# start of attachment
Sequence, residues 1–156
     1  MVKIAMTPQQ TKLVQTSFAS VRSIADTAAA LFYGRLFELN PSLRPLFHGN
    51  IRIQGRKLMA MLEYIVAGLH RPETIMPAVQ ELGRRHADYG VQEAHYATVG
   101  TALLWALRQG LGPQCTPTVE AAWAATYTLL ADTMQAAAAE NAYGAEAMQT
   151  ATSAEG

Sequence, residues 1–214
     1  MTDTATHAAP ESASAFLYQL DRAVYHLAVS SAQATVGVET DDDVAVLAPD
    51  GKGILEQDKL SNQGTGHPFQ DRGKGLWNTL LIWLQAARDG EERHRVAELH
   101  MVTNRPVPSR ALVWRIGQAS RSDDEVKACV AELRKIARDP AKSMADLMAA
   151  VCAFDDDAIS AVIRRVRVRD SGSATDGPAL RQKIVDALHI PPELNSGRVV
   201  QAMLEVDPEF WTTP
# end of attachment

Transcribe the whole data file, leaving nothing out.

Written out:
Sequence, residues 1–156
     1  MVKIAMTPQQ TKLVQTSFAS VRSIADTAAA LFYGRLFELN PSLRPLFHGN
    51  IRIQGRKLMA MLEYIVAGLH RPETIMPAVQ ELGRRHADYG VQEAHYATVG
   101  TALLWALRQG LGPQCTPTVE AAWAATYTLL ADTMQAAAAE NAYGAEAMQT
   151  ATSAEG

Sequence, residues 1–214
     1  MTDTATHAAP ESASAFLYQL DRAVYHLAVS SAQATVGVET DDDVAVLAPD
    51  GKGILEQDKL SNQGTGHPFQ DRGKGLWNTL LIWLQAARDG EERHRVAELH
   101  MVTNRPVPSR ALVWRIGQAS RSDDEVKACV AELRKIARDP AKSMADLMAA
   151  VCAFDDDAIS AVIRRVRVRD SGSATDGPAL RQKIVDALHI PPELNSGRVV
   201  QAMLEVDPEF WTTP